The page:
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Iraq in History, Part One: The Mesopotamian Civilization PDF Print E-mail
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Sunday, 19 December 2004 00:00
THIS is the first issue of the Hanoudi letter, a weekly email to my American friends in which I will be discussing some aspects of few very interesting topics namely, history, geopolitics, ethnic-religious conflicts, and the situation in this currently very turbulent country.  The following is the first installment of a four part essay on the history of Iraq, the second part  is called Islam and the big rift, the third will be from golden age to the monarchy and the fourth part is Iraq the turbulent century.

THE history of modern Iraq as a separate entity began with the joining of three provinces from the Old Ottoman Empire following its defeat and dismemberment after the 1914-1918 war, but this country has a much older history which dates back to Sumer were humanity started its march into history more than 5000 years ago. Man was able here to achieve some astonishing accomplishments, the invention of writing and the ability to control the water supply to the lands and start a real revolution in agriculture which allowed him to create a very advanced society and inaugurate man’s first civilization.

IN the narrow sense Mesopotamia is the 180,000 square miles area between the Tigris and Euphrates this was the name it was given in the 5th century BC by Herodotus. Only from the latitude of Baghdad were the two rivers become at their nearest points do the Tigris and Euphrates become truly twin rivers and continue to do dos so until they meet at the mouth of the Shatt al-Arab which empties into the gulf. Most of the southern part of this area is nowadays dry barren and very hot in most of its expanse, it is very difficult to imagine that this piece of harsh geography was the womb and the cradle of man’s first civilization and this is the legacy of the Sumerians who were able to invent an extremely successful system of dikes, dams and canals which allowed them to make excellent use of the surplus water during times of flooding and produce  agricultural products mainly grain which was used to feed an increasingly growing population with the surplus used in the service of the higher interests of the state and  this is were and how man’s civilization was born.

CIVILIZATION was born, cradled and nurtured in Mesopotamia, but this birth was not a sudden chance eruption out of vacuum, it was the culmination of a long period of evolution. Here was born some of the earliest philosophies, religions and myths of mankind. Here were built great cities were very complicated political and legal systems evolved and extremely advanced science medicine and art developed all inside a strict code of morality and law, but their most important contribution was their invention of writing. Writing is  one of the greatest contributions of the Sumerians to humanity, history began with writing which gave us our first solid ideas about the story of man. History began with writing. History began at Sumer.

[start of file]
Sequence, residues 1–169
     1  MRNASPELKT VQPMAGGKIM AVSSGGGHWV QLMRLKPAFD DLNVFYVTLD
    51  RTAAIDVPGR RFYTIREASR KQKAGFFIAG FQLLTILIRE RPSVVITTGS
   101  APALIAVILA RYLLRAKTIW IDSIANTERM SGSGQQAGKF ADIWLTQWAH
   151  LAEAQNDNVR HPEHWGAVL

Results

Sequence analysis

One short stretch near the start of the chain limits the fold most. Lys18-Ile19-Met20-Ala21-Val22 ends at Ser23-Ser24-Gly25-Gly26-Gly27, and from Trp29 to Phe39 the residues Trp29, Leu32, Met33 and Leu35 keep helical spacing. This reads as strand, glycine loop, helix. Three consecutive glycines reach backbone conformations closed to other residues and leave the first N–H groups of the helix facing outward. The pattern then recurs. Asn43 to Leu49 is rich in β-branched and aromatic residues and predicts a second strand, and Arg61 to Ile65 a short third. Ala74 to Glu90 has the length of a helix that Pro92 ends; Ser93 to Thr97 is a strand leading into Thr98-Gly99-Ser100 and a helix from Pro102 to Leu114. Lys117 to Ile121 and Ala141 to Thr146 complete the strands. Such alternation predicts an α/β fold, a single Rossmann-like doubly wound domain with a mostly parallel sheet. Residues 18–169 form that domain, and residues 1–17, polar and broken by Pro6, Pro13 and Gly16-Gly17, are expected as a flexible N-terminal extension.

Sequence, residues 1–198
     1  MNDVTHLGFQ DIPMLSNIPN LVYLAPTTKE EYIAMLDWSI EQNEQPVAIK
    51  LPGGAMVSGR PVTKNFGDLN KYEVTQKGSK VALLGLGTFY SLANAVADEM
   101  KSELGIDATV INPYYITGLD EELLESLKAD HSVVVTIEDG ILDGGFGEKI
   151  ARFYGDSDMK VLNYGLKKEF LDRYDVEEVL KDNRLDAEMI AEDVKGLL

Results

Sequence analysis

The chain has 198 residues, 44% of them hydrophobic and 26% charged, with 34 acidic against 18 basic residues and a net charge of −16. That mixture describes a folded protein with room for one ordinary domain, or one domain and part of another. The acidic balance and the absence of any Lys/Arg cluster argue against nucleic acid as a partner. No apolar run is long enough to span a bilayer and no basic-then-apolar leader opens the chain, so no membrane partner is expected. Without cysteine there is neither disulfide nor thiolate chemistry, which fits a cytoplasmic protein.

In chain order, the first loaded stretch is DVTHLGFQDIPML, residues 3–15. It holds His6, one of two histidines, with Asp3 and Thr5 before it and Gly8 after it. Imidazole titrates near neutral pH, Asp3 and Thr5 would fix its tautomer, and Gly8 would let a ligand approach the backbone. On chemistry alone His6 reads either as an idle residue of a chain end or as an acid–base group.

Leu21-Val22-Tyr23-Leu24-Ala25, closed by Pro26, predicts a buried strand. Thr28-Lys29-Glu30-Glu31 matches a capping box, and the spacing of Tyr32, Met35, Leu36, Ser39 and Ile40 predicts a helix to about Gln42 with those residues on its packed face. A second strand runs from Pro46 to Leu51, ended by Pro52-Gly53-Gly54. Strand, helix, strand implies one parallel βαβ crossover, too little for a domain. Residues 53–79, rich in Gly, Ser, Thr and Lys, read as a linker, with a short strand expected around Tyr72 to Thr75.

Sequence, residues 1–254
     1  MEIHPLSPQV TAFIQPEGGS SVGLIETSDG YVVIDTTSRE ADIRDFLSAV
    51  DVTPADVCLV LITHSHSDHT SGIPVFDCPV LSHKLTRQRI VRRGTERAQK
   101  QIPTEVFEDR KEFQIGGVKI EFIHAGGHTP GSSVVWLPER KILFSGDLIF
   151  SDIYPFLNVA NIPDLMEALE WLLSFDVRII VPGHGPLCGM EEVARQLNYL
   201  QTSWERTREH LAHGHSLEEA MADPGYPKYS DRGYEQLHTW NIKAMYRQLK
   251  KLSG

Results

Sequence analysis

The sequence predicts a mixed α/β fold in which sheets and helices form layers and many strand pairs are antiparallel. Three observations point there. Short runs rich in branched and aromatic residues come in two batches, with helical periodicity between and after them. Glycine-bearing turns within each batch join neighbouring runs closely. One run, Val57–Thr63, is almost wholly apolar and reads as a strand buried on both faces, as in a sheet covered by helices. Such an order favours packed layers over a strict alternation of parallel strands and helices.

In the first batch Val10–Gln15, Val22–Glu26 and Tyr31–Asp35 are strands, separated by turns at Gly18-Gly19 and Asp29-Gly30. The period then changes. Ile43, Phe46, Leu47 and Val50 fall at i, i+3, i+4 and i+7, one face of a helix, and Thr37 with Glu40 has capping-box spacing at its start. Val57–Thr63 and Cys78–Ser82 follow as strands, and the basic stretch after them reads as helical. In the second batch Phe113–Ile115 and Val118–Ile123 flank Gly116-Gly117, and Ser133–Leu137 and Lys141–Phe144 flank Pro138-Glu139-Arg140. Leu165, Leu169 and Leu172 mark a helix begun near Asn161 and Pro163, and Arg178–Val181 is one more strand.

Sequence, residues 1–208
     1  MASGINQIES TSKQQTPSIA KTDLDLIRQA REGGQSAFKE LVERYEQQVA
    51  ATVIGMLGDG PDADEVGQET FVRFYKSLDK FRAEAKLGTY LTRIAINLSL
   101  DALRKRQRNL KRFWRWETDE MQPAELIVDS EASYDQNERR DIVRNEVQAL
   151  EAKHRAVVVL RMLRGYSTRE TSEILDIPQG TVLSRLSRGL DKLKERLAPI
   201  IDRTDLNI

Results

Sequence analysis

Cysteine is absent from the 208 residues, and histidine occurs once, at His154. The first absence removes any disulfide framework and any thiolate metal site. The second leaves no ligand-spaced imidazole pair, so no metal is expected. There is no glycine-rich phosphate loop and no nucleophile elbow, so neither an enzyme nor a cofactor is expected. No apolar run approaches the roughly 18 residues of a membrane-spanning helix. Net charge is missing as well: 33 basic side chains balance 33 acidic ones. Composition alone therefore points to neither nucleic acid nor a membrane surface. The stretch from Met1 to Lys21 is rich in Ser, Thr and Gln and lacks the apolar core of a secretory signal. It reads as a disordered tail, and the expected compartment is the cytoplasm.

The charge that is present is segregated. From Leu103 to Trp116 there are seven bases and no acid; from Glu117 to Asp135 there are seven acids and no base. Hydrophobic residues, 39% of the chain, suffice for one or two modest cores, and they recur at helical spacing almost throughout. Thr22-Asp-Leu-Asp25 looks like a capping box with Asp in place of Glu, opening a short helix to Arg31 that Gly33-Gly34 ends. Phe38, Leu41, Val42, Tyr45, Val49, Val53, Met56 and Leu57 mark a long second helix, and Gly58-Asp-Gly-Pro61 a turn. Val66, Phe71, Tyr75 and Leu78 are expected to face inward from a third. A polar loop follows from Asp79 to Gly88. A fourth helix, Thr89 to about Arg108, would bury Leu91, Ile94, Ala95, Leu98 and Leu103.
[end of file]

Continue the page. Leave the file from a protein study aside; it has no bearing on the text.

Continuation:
THE Mesopotamian civilization lasted for almost a three thousand years with a striking cultural unity. From UR its  first center it radiated over the entire near east and was kept alive in other major centers, towns like, Babylon, Assur and Nineveh all situated on or near the Tigris and Euphrates within the boundaries of modern Iraq remaining fairly uniformly throughout though repeatedly shaken by political convulsions and recurrent  incursions by its neighbors which led to its gradual decline and final disappearance alas  some of its cultural and scientific achievements were salvaged by the Greeks and  became part of recent western heritage, the rest either perished or were buried for centuries in the sand  awaiting the picks of archeologists.

A glorious past was forgotten In Man’s short memories of these opulent cities, of their powerful gods, of their mighty monarchs only a few often distorted names survived. the dissolving rain, the sand bearing winds, the earth splitting sun conspired to obliterate most of the material remains, and the desolate mounds which since concealed the ruins of Babylon and Nineveh offer perhaps the best lesson in modesty that we shall ever receive from history

Dr. Najeeb Hanoudi
Baghdad, Dec, 19, 2004
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